If districts require students to wear masks, they will likely have to purchase and provide them to avoid creating an equity issue for those who can’t afford them. A disposable mask costs about 75 cents. Purchasing those in bulk would be a large expense at a time when budgets are tight. (Some students would likely opt to bring their own mask from home—the CDC has said that homemade face coverings are effective at slowing the spread of the virus.)
District leaders must weigh their local context when making any requirements, experts say: Is there a high transmission of cases in the area? Are community members generally supportive of wearing masks in public?
“You can have the best public health plan in the world, but if your public doesn’t buy into it, it’s not an effective plan,” said Mario Ramirez, the managing director of the nonprofit Opportunity Labs, who was an acting director for the Office of Pandemic and Emerging Threats during the Obama administration.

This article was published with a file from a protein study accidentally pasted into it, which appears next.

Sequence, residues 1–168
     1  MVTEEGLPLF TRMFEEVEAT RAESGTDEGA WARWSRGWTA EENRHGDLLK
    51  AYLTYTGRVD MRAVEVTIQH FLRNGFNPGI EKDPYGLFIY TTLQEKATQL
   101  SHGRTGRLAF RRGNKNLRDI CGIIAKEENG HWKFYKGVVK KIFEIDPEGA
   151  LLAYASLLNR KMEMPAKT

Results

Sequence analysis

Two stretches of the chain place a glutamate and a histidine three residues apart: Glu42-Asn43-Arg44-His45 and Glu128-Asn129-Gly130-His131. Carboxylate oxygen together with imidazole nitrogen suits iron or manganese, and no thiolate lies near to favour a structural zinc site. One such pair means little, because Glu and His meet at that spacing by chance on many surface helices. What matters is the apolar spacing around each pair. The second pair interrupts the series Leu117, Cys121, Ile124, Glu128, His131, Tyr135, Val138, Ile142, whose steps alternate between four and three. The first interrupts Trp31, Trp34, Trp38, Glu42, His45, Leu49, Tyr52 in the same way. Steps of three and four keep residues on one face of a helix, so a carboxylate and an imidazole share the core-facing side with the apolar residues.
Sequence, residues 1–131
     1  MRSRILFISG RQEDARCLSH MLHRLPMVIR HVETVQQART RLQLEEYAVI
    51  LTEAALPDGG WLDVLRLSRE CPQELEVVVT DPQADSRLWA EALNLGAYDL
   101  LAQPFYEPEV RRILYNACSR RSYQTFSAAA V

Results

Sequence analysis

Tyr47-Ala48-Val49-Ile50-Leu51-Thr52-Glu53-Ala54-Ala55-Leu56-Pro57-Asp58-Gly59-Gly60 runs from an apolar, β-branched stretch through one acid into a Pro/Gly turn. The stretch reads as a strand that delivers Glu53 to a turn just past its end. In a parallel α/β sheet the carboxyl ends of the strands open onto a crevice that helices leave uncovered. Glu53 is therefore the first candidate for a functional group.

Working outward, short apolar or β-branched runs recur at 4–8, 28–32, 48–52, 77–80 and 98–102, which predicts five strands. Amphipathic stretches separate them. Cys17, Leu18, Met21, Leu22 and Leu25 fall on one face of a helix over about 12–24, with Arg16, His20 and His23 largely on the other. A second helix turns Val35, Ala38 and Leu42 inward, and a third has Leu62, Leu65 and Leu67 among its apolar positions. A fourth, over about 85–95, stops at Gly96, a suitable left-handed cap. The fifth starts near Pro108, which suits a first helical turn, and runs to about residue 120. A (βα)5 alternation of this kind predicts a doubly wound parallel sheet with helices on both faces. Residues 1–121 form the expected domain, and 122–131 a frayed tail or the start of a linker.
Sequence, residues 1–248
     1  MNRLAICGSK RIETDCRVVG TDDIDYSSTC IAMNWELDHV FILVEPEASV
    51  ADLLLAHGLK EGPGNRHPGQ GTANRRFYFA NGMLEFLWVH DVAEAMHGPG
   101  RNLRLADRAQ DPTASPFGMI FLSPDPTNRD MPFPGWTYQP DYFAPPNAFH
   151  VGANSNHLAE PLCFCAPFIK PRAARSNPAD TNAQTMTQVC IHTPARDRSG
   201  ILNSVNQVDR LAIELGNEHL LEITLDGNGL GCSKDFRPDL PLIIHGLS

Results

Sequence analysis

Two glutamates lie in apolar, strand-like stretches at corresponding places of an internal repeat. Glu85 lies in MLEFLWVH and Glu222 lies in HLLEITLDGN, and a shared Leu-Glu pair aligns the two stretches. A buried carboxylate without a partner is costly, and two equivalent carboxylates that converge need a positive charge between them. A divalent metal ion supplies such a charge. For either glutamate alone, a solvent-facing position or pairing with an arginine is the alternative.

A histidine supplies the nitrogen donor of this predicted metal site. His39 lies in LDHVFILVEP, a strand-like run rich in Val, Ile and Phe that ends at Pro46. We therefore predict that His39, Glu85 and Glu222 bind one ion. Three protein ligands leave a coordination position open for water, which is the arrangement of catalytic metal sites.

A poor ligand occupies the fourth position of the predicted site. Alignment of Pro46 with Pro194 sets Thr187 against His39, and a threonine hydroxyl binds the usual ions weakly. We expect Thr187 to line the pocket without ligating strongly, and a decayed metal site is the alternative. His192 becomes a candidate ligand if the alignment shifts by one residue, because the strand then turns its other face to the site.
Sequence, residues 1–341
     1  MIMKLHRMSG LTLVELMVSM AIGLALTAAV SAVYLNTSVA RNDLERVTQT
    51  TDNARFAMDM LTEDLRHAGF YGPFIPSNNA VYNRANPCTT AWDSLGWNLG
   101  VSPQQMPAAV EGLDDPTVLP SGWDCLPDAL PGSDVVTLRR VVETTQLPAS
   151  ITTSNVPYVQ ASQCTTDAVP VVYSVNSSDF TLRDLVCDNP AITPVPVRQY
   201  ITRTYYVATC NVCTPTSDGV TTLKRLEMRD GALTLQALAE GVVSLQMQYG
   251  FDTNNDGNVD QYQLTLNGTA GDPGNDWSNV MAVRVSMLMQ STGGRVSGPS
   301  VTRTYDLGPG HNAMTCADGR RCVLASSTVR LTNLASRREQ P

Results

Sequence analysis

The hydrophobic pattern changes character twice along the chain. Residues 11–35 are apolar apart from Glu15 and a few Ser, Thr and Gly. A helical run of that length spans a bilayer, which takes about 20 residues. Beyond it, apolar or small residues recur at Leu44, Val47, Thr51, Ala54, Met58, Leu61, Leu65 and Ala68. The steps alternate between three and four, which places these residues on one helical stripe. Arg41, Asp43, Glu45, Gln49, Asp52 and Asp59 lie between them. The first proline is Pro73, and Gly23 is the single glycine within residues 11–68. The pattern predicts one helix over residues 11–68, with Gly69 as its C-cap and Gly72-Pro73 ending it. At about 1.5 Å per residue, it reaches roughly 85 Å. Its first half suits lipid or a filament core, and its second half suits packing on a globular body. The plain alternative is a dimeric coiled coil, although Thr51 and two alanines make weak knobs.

Should staff wear masks?
There’s more of a consensus among public health officials when it comes to having teachers and other school staff wear masks. The CDC recommends that all staff wear face coverings. Ramirez said school nurses should have N95 respirator masks.
Districts will have to decide whether to purchase these masks, and if they do, how they will both find and pay for such a large supply.
Many teachers, however, are concerned about how wearing a face covering will affect their instruction. Elementary teachers say teaching phonics and other language sounds will be difficult when students can’t see their lips moving, and teachers of English-language learners worry that students might have a hard time understanding them through a mask. The California Department of Public Health has said teachers can use face shields, if available, which would allow students to see their teachers’ faces.
For the CDC’s July 23 guidance on face coverings, see here.
Should schools check students’ temperatures before letting them enter the building?